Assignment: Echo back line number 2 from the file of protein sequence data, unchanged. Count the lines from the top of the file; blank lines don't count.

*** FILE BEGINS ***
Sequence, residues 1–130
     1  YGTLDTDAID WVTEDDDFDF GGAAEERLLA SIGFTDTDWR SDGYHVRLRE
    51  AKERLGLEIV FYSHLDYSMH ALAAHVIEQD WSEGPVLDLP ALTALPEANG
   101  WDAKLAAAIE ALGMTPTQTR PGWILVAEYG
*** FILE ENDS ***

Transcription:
     1  YGTLDTDAID WVTEDDDFDF GGAAEERLLA SIGFTDTDWR SDGYHVRLRE